I have seen trail after trail just trashed after these kinds of events.

    Mark Twitchell

    • Avatar Josh says:

      Horses do not do as much damage as bikes. The damage that horses do to a wet trail is minimal, and after a good rain the trail looks as i did before 50 horses trotted over it…

    • Avatar Bonnie Sterling, Rid says:

      Mark, we will probably be having 65 riders at most who will be coming up and over and coming down Escalator. Even when we have 8 inches of rain the previous night, I have never had any trouble riding on the decomposed granite that makes up the majority of the trails in Whiskeytown and Swasey. There may be a few boggy areas, but these areas remain boggy most of the winter and will not be made any worse. We are blessed with great trails in these local areas, and I believe they will remain just as great after our ride.

  2. Avatar Audra Homicz says:

    Yes it would be nice to have the ride at a different time of year but it has to do with the American Endurance Ride Conference sanctioning…the ride calendar is full…. This is the time that is alloted the Whiskeytown ride. Last time it was run in 2009 the weather was in the 90s…never know what weather you get in April…2010 the trails were not in good enough shape and it was canceled…

    Trail damage is exactly the kind of thing we want to mitigate with other trail users…Bike races do the same thing in these conditions…however trails users are always up to repairing and maintaining the trails….I believe damage is occurring right now without any one on the trail and that we will have to repair to use on April 9th…we will see….now if every horse was wearing easy boots instead of steel shoes that would be a help too…that last thing we want to do is antagonize other trail users. AERC has grants available for trail repair and a trail masters program to learn trail building in a sustainable way….water(erosion) does more trail damage then anything and if the trail is designed correctly the water drains and horses and bikes and hikers and their dogs don't leave a much trace…even on mountain tracks.

  3. Avatar Mark T. says:

    I agree with you Audra, we all cause an impact and we all need to be aware of that, and I think that we all should contribute to trail work (Josh, you really need to rethink your position as you are just flat wrong).

    And I'm sorry that the calendar is full, as my gripe is that when you run a race, with 50+ horses and riders over our terrain, especially as wet as it has been, you are going to cause damage. Lots of damage.

    I don't have a gripe about horses, some of my friends ride horses and bikes both. I don't have a gripe about horse races. If the race was in, say June, I wouldn't have an issue. But now?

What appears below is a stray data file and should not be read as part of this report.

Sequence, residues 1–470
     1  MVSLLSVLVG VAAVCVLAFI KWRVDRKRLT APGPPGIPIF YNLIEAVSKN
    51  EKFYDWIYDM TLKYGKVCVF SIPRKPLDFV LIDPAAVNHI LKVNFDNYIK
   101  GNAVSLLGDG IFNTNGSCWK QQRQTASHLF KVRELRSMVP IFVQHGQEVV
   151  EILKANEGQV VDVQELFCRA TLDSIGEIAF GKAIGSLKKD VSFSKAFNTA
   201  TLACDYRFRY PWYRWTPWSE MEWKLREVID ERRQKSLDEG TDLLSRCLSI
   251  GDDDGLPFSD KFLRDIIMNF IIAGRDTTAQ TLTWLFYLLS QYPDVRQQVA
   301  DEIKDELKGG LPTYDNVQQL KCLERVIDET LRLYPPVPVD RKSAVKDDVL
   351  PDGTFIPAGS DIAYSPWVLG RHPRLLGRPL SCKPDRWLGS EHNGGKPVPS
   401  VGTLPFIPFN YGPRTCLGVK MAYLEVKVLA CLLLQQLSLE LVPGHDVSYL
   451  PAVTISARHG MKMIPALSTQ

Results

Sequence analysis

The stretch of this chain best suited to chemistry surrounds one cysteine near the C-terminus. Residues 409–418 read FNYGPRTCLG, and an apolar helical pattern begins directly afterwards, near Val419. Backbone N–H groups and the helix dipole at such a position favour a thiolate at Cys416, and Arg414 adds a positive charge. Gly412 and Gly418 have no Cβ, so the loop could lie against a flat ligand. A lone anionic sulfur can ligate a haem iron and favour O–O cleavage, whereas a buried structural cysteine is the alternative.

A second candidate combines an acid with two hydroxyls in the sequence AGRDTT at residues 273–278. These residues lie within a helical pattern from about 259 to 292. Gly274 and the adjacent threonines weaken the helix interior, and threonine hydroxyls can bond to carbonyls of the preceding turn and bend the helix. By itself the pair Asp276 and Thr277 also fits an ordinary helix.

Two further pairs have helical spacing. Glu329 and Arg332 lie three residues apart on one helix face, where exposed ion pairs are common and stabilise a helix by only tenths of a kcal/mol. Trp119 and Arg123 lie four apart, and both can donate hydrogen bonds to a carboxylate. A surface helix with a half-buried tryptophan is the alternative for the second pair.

If I go up on the Escalator after the race and it's trashed, as i fear it will be, I'll be rather irritated, for sure.

    Mark

  4. Avatar Michelle Jones says:

    I've only been riding endurance for 4-5 years but isn't it true a lot of trails that are being used by horse and bike riders wouldn't even be useable if AERC didn't clear them ! Also most of us try to go around those mud bogs when ever possible. it would be great if we could do Whiskeytown later in the year I froze my &^%$## off couple year before last!

  5. Avatar Audra Homicz says:

    The Escalator is s very technical trail that probably won't be used in the ride…The idea was to use the Swasey trails to make the ride less technical ….but I am not sure…I would have to ask Bonnie..whom is actually still the ride manager this year. If a trail is trashed I am sure it would not be left like that…I would like to see it held at a better time as far as not freezing our butts off as well and to minimize the chance of churning up trails…but then we run into extreme heat in our area and that is unsafe for the horses and riders…but to find a perfect solution for all would be so nice…and yes the rains do wash away the tracks…but if it stays dry after squishing it up it turns hard in that condition…kinda like when 4×4's 'mud boggin'…so whatever irritates you after the ride, let us know so we can work to fix it…

  6. Avatar Mary Chandler says:

    Sorry I wrote before seeing this. Hope you realize I'm for the use of the trails. We put them in to enjoy .

  7. Avatar Jane says:

    I think the gripe I have is that there are never any horse folks at trail building ,maintenance days. Mtn. Bikers go out and repair..replace and restore.

  8. Avatar Steve says:

    It would be nice if we could get some of the folks who ride horses out to the trail build/repair days at our local areas. I have been to just about every single one, and there have been only 3 equestrians at the events over the years, compared to 99% mountain bikers. We all use the trails, horses do a lot of damage to the trails, but do have every right to use them, thats what makes our area so awesome is that we have a great relationship. It would just be nice to see some more horse folk out on trail build days.